I wrote this quick post Monday before I had a chance to see Daniel Willingham’s piece in the NYT on the same theme – please check it out. It’s brilliant and balanced, as you’d expect.
Audio story-telling is blowing up. According to a June 28 story from Forbes:
“Audiobooks are up 29.5% in net revenue over 2016 according to the Association of American Publishers and up 22.7% in unit sales over 2016 by the Audio Publishers Association’s estimate.”
And it’s not just audiobooks – according to the same story:
“podcast revenues clocked in a $314 million, still small but up 86 percent from the year before,”
Moreover, just take a look at what apps are doing – for instance, it seems “sleep stories” are having a moment – consider podcasts like Sleep with Me and the catalog of bedtime stories from the app Calm, both for adults and kids.
Does this phenomenon signal an end of literacy?
There is an academic controversy concerning whether it was a norm in the ancient world to read aloud. Whether it was or not, it was certainly the case that private readings of poetry were a common form of entertainment, especially among the elite. Public recitations, speeches, and of course, theater, were also forms of amusement for wider and more popular audiences.
It may be that we are simply rediscovering the power of the voice to make stories come alive. Great audiobook narrators bring out meaning and flourishes that we may miss by reading words on a page.
Yet, undoubtedly, listening to a book does not give us as easy an opportunity to stop and ponder as reading the text.
Both modalities bring richness to our reading lives, and perhaps the next revolution will be a technology that can more easily coordinate the experiences (Audible’s WhisperSync is a great start, but it does require that you purchase the book twice – in audio and Kindle formats). Perhaps head-ups displays synced to ear buds will be the next iteration of reading.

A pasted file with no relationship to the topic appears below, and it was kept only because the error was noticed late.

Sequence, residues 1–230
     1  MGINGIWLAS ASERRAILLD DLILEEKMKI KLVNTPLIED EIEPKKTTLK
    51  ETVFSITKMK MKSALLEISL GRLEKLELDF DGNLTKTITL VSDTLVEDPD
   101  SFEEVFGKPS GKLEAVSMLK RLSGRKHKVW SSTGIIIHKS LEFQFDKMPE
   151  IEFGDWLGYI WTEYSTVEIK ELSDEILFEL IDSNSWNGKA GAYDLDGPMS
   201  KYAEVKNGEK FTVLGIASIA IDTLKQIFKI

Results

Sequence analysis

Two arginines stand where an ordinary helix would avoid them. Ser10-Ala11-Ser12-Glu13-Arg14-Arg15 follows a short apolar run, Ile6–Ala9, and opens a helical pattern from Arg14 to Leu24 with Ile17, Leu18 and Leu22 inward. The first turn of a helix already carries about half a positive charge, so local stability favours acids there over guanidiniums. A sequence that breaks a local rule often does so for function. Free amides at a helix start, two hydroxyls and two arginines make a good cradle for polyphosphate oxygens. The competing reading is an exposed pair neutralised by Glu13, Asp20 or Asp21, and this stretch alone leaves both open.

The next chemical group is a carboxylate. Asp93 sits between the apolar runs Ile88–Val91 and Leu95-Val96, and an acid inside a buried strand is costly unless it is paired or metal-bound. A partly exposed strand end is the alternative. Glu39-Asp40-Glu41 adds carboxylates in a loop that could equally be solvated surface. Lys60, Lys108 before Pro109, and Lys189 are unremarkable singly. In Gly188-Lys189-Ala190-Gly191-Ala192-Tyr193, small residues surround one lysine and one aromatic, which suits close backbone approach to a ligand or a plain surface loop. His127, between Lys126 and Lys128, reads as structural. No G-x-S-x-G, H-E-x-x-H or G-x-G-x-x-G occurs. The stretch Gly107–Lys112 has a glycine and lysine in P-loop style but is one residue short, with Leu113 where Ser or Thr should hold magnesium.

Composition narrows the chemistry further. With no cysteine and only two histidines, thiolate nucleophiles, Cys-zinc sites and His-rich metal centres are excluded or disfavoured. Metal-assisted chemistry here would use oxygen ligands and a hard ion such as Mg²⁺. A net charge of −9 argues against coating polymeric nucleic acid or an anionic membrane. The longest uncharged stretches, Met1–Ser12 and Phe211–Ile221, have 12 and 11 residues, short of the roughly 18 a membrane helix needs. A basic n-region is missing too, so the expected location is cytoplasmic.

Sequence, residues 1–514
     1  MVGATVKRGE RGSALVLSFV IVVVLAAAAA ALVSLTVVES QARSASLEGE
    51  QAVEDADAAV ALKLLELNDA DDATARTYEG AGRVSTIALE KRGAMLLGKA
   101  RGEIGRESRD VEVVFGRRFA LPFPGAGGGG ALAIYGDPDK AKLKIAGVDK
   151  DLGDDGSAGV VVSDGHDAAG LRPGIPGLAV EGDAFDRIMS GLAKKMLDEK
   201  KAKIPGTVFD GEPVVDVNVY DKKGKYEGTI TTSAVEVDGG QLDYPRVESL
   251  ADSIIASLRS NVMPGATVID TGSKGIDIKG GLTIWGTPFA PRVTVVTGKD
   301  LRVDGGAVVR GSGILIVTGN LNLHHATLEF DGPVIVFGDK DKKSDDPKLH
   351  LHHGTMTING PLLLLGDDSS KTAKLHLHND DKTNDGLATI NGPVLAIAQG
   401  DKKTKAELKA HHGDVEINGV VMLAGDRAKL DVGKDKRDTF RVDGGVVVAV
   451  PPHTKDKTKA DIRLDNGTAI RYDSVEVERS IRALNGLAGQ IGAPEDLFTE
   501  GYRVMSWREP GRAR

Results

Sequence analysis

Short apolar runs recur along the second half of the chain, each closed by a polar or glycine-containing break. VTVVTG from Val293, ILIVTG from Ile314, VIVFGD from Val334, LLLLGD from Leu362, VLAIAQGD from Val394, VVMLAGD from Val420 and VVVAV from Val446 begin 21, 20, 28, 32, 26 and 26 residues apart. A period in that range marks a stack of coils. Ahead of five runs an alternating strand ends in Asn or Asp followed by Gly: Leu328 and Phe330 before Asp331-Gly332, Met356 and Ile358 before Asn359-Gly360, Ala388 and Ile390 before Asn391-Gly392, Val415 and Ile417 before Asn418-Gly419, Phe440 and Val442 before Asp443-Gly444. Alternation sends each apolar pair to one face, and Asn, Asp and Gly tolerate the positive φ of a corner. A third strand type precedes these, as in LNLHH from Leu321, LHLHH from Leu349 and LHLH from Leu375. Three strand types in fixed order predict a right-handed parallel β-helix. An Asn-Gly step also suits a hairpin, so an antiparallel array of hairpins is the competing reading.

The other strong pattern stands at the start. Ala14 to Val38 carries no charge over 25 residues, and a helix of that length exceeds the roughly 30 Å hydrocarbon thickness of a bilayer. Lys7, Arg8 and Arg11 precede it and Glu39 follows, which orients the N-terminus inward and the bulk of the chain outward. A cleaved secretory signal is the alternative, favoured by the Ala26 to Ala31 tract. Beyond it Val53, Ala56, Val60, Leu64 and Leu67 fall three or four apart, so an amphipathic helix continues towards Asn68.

In the world of edu-speak, the books that teachers read to students, typically from kindergarten to 2nd grade, before most students can read text fluently, are called “read-alouds.” I think there are few areas in education that need to be more carefully considered than the books presented to children in these formative settings.
Often the approach is to give them stories that are “relatable.” And certainly, there is nothing wrong with sprinkling in these kinds of tales. But the opportunity is wasted if children’s imaginations aren’t stretched a little to include magical or far-flung places and times.
Think about how powerful it is to read a book to a child — you are communicating that not only have you chosen a book for a child, but that you think it’s so important that you are reading it aloud to them, allowing yourself and them a chance to be immersed in a story.
That’s an awe-inspiring interaction. Let’s approach these teaching moments with careful thought to the lessons, both implicit and explicit, that students pick up from the stories we share with them.